Do folks with celiac disease really have to worry about enzymes and growth media?Tricia Thompson
Short answer: We don’t know. This is due to the limitations of the assays currently used to detect and measure fermented or hydrolyzed gluten.
Some facts about enzymes:
1. According to the Enzyme Technical Association, “In most cases, enzymes used in food are used as processing aids where they aid in the manufacturing of food or food ingredients but do not have a function in the final food product.”
2. Also according to the ETA, “nearly all commercially prepared foods contain at least one ingredient that has been made with enzymes.”
3. Unless an enzyme is covered under the Food Allergen Labeling and Consumer Protection Act, processing aids are not required to be included in an ingredients list.
4. Because wheat is a major allergen included under FALCPA, if enzymes are made using wheat or cultivated from microbes grown on wheat containing media, then wheat must be declared on the food label.
5. Barley is not included under FALCPA.
6. If enzymes are made using barley or cultivated from microbes grown on barley, barley does not need to be declared on the food label.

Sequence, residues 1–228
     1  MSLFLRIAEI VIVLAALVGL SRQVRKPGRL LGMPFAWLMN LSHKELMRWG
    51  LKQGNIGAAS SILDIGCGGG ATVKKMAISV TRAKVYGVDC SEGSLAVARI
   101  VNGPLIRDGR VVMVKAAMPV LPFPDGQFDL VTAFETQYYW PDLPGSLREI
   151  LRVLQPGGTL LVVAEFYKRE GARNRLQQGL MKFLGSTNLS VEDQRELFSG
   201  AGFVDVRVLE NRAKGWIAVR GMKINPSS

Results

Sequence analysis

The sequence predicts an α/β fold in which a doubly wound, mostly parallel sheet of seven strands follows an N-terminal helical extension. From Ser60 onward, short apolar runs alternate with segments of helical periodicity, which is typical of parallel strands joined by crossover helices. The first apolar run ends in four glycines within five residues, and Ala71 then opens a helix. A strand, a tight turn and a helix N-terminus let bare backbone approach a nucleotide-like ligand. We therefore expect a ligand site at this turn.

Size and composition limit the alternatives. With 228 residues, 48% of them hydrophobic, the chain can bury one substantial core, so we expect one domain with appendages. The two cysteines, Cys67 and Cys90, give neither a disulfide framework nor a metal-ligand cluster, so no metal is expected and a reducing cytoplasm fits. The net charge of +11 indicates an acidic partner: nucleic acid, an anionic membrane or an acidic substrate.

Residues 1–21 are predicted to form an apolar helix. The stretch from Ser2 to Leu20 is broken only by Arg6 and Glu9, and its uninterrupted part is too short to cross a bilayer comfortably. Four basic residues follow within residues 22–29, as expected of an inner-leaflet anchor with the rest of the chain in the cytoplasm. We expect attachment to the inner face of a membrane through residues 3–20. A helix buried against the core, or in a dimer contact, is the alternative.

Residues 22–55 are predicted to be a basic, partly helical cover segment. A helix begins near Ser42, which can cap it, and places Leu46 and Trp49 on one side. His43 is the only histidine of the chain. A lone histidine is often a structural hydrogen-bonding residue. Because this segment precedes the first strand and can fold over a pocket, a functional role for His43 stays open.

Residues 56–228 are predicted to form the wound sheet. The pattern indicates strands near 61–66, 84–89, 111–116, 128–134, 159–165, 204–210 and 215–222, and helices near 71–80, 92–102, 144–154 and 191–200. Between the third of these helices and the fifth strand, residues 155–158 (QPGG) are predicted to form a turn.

7. Regarding the gluten-free labeling rule, FDA has stated in the Federal Register (see screen shots):
- “The issue of purity and potential carry-over of growth media containing gluten is a valid concern for both the manufacturers and consumers with celiac disease.”
From Gluten Free Watchdog study Gluten-Free Labeling: Are Growth Media Containing Wheat, Barley, and Rye Falling through the Cracks? J Acad Nutr Diet. 2018;118:2025-2028.
- Concerning enzymes produced on media containing wheat: “Wheat may be present in any carried-over nutrient media used to grow the microbes.”
- “The gluten that may possibly be present in the enzyme may be hydrolyzed due to fermentation.”
- “An important consideration is the amount of potential carryover and how much of the enzyme ingredient is used in the production of the final food product.”